The approval and trust ratings of the top public officials, as reported in Pulse Asia’s latest survey, probably tell us more about the nature of Philippine politics than they might suggest at first glance. President Aquino’s ratings are at 78 percent, up by 11 percent from the previous quarter, which is unusually high for a president after being in office for two years. Vice President Jejomar Binay’s are quite astounding—an approval rating of 85 percent and a trust rating of 84 percent. Senate President Juan Ponce Enrile’s ratings are not far behind: 72 percent approval and 68 percent trust. If these are indicators of political legitimacy, then we may say that no previous administration has been perceived to be more entitled to exercise power than the present one.
But in stable societies, where legitimacy is rarely questioned, power seldom needs to be used. It may thus be more instructive to view these ratings as indicators of political influence. What is political influence and how is it measured? Survey firms have occasionally touched on this phenomenon by asking if the endorsement of candidates by political influentials would make any difference in voters’ preferences. They can do more by inquiring into the nature and sources of this influence.
Political influence takes many forms, and its careful analysis may show us what people in a given society admire in their leaders. In this regard, we cannot fail to note how little—in terms of social and political background and leadership style—Aquino, Binay, and Enrile have in common with one another. This makes us wonder what kind of leaders Filipinos are really looking for.
Political influence, says the German sociologist Niklas Luhmann in his work, “Trust and Power,” comes in at least three forms: authority, reputation, and leadership. In Luhmann’s framework, someone is said to have authority when his influence cuts across time. In this sense, it is synonymous with tradition. Reputation, on the other hand, is influence that is generalized across different circumstances. It is not questioned even when it is applied in the most disparate circumstances, as when a boxing champion is elected to a seat in the legislature. And we speak of leadership when someone’s influence depends on the sheer perception that it is worth following it because others abide by it.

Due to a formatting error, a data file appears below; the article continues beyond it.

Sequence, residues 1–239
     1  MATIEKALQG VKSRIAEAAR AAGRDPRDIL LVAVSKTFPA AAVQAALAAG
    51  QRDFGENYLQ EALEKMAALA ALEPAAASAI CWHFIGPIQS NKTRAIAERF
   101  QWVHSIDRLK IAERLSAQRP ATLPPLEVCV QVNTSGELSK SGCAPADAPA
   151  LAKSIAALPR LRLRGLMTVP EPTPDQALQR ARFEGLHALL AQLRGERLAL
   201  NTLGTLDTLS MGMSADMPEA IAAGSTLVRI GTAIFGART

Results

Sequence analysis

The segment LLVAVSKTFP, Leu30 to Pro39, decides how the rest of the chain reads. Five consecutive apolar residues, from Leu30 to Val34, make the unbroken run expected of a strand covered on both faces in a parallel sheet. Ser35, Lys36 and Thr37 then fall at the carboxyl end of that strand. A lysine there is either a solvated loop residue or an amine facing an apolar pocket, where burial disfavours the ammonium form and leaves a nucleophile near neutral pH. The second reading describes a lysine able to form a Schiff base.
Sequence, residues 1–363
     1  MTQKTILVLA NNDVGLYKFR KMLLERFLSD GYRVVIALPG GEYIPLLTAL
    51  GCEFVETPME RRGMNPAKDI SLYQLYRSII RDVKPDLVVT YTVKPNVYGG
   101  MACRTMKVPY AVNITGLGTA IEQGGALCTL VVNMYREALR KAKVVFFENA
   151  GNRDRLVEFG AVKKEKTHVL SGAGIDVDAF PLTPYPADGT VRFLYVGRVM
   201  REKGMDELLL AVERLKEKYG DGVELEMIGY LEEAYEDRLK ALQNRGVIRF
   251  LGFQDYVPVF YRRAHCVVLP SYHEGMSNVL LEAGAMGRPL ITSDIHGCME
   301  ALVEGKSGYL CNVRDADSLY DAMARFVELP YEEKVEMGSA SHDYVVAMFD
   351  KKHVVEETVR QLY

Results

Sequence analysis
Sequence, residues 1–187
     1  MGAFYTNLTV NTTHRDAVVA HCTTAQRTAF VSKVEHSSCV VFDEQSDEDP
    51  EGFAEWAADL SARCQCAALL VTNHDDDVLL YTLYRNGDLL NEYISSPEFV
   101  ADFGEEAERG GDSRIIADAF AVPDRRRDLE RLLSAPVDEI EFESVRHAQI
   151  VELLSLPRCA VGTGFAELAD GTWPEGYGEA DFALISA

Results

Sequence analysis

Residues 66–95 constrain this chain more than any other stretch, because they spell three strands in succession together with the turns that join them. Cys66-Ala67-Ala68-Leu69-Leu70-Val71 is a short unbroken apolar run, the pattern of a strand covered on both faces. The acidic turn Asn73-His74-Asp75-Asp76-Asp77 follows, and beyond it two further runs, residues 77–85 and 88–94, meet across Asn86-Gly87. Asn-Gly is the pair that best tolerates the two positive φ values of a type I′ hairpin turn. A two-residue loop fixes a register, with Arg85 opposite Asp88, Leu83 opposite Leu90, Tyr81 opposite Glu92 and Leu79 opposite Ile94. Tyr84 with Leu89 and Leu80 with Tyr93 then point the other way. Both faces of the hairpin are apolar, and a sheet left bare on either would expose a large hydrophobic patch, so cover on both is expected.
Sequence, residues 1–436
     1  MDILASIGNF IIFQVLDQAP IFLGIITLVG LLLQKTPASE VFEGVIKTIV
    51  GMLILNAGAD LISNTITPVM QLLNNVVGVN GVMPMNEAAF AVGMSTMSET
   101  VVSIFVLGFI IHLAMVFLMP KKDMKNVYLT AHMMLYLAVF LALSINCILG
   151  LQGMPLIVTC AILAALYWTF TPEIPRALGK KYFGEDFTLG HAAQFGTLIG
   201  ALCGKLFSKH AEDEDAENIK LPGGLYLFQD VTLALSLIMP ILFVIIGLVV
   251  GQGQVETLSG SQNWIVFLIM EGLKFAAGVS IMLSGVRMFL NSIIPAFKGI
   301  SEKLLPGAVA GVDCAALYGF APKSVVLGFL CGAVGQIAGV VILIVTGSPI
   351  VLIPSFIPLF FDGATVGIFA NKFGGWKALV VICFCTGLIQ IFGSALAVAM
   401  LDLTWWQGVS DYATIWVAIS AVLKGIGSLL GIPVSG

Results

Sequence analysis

P-Noy, Binay, and JPE are today the country’s three most influential political leaders, but the basis of their individual influence cannot be more different from one another.
P-Noy’s influence takes the form of authority. Its starting point is the moral authority that his parents gained as a result of the heroic roles they played in the nation’s history. In the absence of a monarchy, the Aquinos are possibly as close as we may get to a political nobility. No one could match the enormous influence wielded by Cory, the widow of the martyred Ninoy, when she challenged Ferdinand Marcos for the presidency. P-Noy became the heir to that tradition when his iconic mother died. His presidency’s strong advocacy of upright governance is consistent with the high moral tone set by his forbears.
The antithesis of the Aquino tradition is, indeed, that of the Marcoses, whose presumptive heir, Sen. Ferdinand Marcos Jr., remains within striking distance of the presidency. But the young Marcos’ star can only rise further if the Aquino leadership loses its moral authority.
Binay’s form of influence is perhaps the most conventional one in our society. The form it takes, using Luhmann’s theory, is that of leadership, more specifically populist leadership. “Leadership,” says Luhmann, “is based on increasing willingness to follow, stimulated by the perception that others are also following; in other words, it is based on imitation.” In 2010, Binay deployed this quality to full effect when he pledged to do for the whole nation what he had done for Makati as its longtime mayor: take care of the ordinary citizens’ basic needs.
Of the three forms of influence we are examining here, I find reputation to be the most fascinating. I think this is what JPE exemplifies best. His reputation for intelligence and mental sharpness, despite his advanced age, is legendary, even more so after his superb handling of the recent impeachment trial of the chief justice. Whether he can transfer this reputation to his son Jack would be interesting to watch.
Again, in the context of Philippine society, it would be useful to qualify Luhmann’s concept of reputation by equating it with prowess—the possession of exceptional ability, valor, or skill. While Enrile’s reputation is based on his mastery of the law, that of his young antagonist—Sen. Antonio Trillanes IV—is based on apparent valor as the leader of military rebellions.
That P-Noy, Binay, and Enrile represent three distinct paradigms of political influence in our society—i.e., moral authority, populist leadership, and reputation for prowess—seems to be confirmed by surveys. But we are in transition. Theorists of modernity suggest that as a society becomes more complex, people will rely less and less on these forms of influence in the political choices they make.
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In 1963, I defied the advice of my parents by joining a fraternity. I managed to assuage their anger only by assuring them that I was not hazed, and that the Greek letters A and S in Alpha Sigma stood for Alay sa Sambayanan. I think I can tell my late parents that the fraternity I joined has lived up to the full promise of those letters. On Oct. 10, Alpha Sigma marks with pride its golden anniversary at Makati Shangri-La, and like my son who followed me in the fraternity a generation later, I intend to be there.
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